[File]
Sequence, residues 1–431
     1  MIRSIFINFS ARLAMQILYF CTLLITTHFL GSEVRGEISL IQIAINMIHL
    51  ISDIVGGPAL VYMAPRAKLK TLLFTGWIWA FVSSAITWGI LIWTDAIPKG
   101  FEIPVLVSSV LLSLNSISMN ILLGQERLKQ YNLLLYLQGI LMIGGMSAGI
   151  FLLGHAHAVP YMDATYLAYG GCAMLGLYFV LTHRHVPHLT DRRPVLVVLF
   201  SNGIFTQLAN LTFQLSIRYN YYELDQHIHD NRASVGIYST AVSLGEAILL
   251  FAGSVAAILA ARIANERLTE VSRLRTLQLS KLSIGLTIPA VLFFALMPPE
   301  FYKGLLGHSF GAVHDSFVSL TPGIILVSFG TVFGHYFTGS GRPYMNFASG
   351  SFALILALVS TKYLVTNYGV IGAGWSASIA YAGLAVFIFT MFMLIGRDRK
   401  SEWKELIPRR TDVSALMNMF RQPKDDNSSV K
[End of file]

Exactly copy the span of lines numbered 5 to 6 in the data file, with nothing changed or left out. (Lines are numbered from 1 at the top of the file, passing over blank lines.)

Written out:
   151  FLLGHAHAVP YMDATYLAYG GCAMLGLYFV LTHRHVPHLT DRRPVLVVLF
   201  SNGIFTQLAN LTFQLSIRYN YYELDQHIHD NRASVGIYST AVSLGEAILL